By Erin Achenbach
Although Lindbergh Schools community volunteer Erica Hoffman lost her bid for the 96th District Missouri House seat on Nov. 6 to Republican incumbent Rep. David Gregory, she said she might run again.
Gregory was set to be sworn into a second term alongside other legislators as the legislative session opens Jan. 9 — after the Call went to press.
Hoffman, the first Democrat in eight years to run in the 96th District, lost to Gregory 59 percent to 41 percent, or 11,901 to 8,303. And she hinted it may not be the last time she challenges Gregory.
In a post to her campaign’s Facebook page Nov. 8, Hoffman encouraged her supporters to hold onto their yard signs or give them back to her until the next election cycle.
“If you still have a yard sign, please don’t throw it out,” she wrote in the Facebook post. “I’ll stop by and pick it up if you PM me your address. I can store those until next time.”
Despite the loss, however, she has maintained a positive attitude about the experience.
“I’m not disappointed with the outcome. Of course candidates want to win, but am I sad right now? Absolutely not,” Hoffman said after the loss. “I am very proud with the way we ran.”
A newcomer to public office, Hoffman is involved in multiple parent-teacher organizations across Lindbergh.
She hadn’t thought about running until she was approached by a group of parents.
“As someone who has never even run for public office before, it never even occurred to me to run,” she said. “Knowing I gave voters a choice and ran on a platform to advocate for truly good causes…that’s a once-in-a-lifetime opportunity in my mind.”
Hoffman points to her opponent’s incumbency and fundraising as some of the reasons why she felt the election turned out the way that it did.
“He had the opportunity to raise more money as the incumbent. He spent like $300,000, whereas my campaign had like $30,000,” said Hoffman. “I mean, he was running commercials on TV. I couldn’t even think about that. We were a grassroots campaign. It was primarily… PTO moms and some dads too.
“But you know, we were just kinda flying by the seat of our pants for everything we did.”
Over the course of 2018, President Donald Trump visited Missouri five times.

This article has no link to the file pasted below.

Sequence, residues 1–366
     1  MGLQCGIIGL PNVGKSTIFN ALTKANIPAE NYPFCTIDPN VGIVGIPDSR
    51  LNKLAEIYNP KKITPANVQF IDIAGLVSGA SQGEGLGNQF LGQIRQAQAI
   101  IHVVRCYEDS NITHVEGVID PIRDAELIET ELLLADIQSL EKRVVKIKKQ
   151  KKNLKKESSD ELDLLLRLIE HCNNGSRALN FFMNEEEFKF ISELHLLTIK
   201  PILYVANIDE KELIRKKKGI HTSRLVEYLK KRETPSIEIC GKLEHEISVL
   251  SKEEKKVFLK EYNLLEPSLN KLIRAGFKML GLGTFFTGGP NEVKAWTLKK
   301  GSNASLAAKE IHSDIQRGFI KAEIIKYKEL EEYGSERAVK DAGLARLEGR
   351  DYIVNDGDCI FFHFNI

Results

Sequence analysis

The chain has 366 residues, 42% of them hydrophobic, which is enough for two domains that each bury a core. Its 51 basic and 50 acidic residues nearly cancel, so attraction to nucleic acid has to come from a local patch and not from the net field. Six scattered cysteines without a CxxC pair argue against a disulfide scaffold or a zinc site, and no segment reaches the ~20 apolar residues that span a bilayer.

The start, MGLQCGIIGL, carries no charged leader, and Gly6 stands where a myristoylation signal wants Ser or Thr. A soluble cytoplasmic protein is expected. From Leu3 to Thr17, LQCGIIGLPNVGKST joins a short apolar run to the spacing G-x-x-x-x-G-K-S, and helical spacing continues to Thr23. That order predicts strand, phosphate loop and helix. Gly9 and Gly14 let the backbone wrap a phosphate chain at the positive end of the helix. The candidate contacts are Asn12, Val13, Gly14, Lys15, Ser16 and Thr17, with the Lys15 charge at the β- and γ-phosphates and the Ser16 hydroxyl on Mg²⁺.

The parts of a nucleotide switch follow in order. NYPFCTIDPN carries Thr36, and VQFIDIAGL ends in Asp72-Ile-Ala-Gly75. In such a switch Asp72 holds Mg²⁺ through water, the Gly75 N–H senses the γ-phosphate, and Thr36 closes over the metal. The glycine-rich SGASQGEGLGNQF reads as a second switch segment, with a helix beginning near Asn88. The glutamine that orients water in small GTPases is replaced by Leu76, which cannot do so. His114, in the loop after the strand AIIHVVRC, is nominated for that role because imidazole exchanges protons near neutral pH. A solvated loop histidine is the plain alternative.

“I think it hurt a lot of Missouri Democrats across the state because it just helped promote the Republican platform much more strongly,” Hoffman said.
Like many candidates across south county, Hoffman said the issues she heard most about from voters changed with the election cycle and the news cycle, ranging from then-Gov. Eric Greitens to now-U.S. Supreme Court Justice Brett Kavanaugh.
“Early on, a lot of voters were concerned about Greitens. I was hearing that from people on both sides. Then he stepped down and it’s like people forgot about that pretty quickly,” said Hoffman.
“Then the Kavanaugh issue hit. That changed everything…. It felt like that really changed a lot. It kinda made up people’s minds at the end.”
However, as the first person to run as a Democrat in the 96th District in eight years, Hoffman felt she found support.
“A lot of individuals in the community were really glad that I was running, that they had someone to vote for at the polls,” said Hoffman.
“Nobody had run as a Democrat in eight years. I was the first person to be able to do that. I think that’s something, that I made it through an election and we did it in a positive way.”
Hoffman, who said she focused on running a positive campaign, said that “things got hard” toward the end of the race when she felt she was on the receiving end of false mailers.
“I’m just really happy that I ran. It was a really great experience,” said Hoffman. “I hope more people decide to step up and run.”